Meet the Porsche 918 Spyder.
This is it, decades Porsche sports and racing development culminating into one, million-dollar package. wheels’ Dejan Jovanovic drives the new 918 Spyder at Valencia’s Ricardo Tormo circuit
Make no mistake; this is a carbon chassis, cut slicks, ceramic brakes, aero package sort of super sportscar, with a race-derived engine mid-mounted and making 132 horsepower per litre.
The new million-dollar 918 Spyder does exactly what you’d expect a Carrera GT successor to do, leaving your hands trembling after six hot laps of Valencia’s 4.0km Ricardo Tormo circuit. Around its 14 turns, the 918 moves underneath you, shimmies and jiggles provocatively. It’s got a wonderful Lightweight seats don’t fit everybody, but they afford a great view balance and every level of driver can enjoy its capabilities because the car demonstrates sharpened focus whether you’re on the limit or at five-tenths.
Like all memorable mid-engined supercars, when you lift off the throttle abruptly through a turn, and especially down some esses, it will swing out from the centre. It’s patient and only if you do nothing the electronics will interrupt to sort it out. You can pump the throttle through a corner and upset the car just a bit. You can brake hard over crests and hooked braking areas and simply let the rear lift and slip in slow motion, slipping always within a driver’s grasp.
As it’s so intuitive to keep it balanced and needs such slight reactions, it seems that the car’s always grounded and the 1,674kg mass in check, the weight transfer sloshing about within a compact circle around the car’s low centre of gravity (right at the wheel-hub level). It’s a special experience, 900bhp and the implication of that ancestry – 550 Spyder, 904, 911 Turbo, 959, 911 GT1, Carrera GT… 918 Spyder. A racing-obsessed marque’s history, and future, neatly wrapped in carbon fibre. The other thing about the 918 Spyder is that it also has some batteries on board. When you’re done obliterating a race track you can switch the drive mode to E-Power and cruise home in silent, zero-emissions electric mode, provided you live no more than 30km away… But even if you do, the vehicle will switch to Hybrid mode and sip 3.0 litres per 100km. Put the savings into stacks of Michelins.
So it’s an environmentally friendly hybrid, but one with a missile-launch button, a Boost display and a Hot Lap mode. Press it and records tumble.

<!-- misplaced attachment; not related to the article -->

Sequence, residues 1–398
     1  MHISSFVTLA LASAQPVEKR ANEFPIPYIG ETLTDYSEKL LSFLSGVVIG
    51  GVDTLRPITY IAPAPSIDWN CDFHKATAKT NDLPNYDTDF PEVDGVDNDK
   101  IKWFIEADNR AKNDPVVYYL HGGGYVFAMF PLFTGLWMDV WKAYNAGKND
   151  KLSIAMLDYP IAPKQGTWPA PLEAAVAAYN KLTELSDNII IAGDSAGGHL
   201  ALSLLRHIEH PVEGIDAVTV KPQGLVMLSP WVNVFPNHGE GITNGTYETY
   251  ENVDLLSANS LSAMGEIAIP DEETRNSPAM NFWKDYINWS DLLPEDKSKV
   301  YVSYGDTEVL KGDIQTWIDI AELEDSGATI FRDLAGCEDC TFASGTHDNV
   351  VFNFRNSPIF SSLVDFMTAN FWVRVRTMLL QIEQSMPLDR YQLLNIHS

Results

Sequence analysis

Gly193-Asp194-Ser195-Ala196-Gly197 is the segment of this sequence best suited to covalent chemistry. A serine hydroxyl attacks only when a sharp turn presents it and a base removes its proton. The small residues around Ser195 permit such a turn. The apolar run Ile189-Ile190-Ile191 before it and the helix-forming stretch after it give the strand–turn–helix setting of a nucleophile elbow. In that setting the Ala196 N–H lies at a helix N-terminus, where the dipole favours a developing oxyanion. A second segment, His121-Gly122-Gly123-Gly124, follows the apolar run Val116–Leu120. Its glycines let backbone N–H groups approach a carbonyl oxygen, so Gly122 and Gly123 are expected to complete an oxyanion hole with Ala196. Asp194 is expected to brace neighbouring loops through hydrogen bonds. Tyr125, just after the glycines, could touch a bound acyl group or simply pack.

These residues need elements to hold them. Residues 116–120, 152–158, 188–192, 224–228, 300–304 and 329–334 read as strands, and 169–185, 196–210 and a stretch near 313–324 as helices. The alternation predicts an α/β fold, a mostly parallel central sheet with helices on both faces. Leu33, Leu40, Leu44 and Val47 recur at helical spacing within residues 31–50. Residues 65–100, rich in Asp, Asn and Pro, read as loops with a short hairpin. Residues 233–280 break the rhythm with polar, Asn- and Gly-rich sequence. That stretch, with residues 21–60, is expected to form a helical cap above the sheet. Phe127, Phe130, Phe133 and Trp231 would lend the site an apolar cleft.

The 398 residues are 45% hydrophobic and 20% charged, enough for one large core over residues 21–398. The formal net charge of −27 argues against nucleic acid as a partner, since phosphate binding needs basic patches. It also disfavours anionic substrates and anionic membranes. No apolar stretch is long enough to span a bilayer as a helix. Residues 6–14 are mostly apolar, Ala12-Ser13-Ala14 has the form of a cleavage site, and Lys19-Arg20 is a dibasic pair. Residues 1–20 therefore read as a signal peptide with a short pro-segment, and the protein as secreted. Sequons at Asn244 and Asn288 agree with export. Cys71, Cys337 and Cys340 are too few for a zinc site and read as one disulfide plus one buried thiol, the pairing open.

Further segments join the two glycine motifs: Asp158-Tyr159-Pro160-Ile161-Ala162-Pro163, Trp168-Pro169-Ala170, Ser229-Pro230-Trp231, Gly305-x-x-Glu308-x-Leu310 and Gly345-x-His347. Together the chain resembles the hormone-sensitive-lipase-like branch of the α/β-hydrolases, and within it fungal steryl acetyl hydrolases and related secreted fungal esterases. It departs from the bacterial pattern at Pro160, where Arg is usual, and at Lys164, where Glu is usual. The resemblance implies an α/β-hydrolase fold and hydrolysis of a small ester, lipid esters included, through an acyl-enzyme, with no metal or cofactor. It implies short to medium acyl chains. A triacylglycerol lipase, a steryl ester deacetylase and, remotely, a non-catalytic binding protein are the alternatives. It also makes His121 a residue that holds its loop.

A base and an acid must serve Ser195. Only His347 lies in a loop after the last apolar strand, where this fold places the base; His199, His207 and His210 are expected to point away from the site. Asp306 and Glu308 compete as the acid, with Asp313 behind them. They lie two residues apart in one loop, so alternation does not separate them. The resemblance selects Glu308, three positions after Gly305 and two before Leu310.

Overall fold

The batteries begin their supply of 210 surging kilowatts and the 4.6-litre V8 barrages your back with 608bhp worth of artillery fire. Two stocky exhaust pipes burst out of the top to shout a bullying, mocking battle cry in the face of efficiency claims. Yes, it can do 3.0 litres per 100km, but the naturally aspirated engine derived from an RS Spyder prototype racer and its blitzkrieg power delivery suspend any thoughts of economy.
The 918 project leader Michael Hölscher said it best, “[The Spyder] is
not an environmental direction.” You don’t say… Zero to 100kph in 2.6 seconds, 0-200kph in 7.2 seconds, 300kph from rest in under 20 seconds with the lightweight Weissach package, a 10-second quarter mile and a top speed of 345kph. Saving the polar bears one lap record at a time…
Porsche took the carbon fibrereinforced plastic know-how gained with the RS Spyder motorsport project and evolved that for the 918, then combined it with a plug-in system similar to that of a GT3 R Hybrid racer.
In the end you get three power units. One electric motor powers the front axle and the second helps the internal combustion V8 at the rear for a total system output of 887bhp. Hölscher and his team had three years of development time to reach this stage – more than 500 units of the 918 total run are already spoken for, with a flood of signatures pouring in right after Porsche published its 6:57 minutes Nürburgring lap time.
Lexus, for example, took five years to develop the new IS and famously needed a decade to make up its mind about the LFA. And yet given just three years, Zuffenhausen rolled out a physical, snarling, hissing, whirring symbol demonstrating eight decades of Porsche engineering. A symbol that seems defined as much by its obsessive function as its uncharacteristically (if I may say so, regarding traditional Porsche styling…) beautiful form. The Ricardo Tormo circuit sits in a natural bowl, with the pits framing the main straight and a stadium grandstand enveloping the rest of the track. From the Porsche garage I can catch the liquid silver 918 Spyder lapping at the far end. It looks organic at speed, like a globule of mercury hurtling around inside a spoon. It’s just incredible to see and look at, so much like a contemporary German Silver Arrow. Even with design being subjective, the least you can give it is it’s unmistakably Porsche in the main character cues, Stuttgart’s finest son. The marque’s methodology and penchants are in every nut, bolt and fibrous weave.
The interior fits me perfectly. This is one of the few cars I can sit in low and upright and look well down on the pronounced signature fenders. Everything you need is on the steering wheel and the little gear toggle is on the right where you’d usually find a key slot. The Porsche’s, of course, is on the left.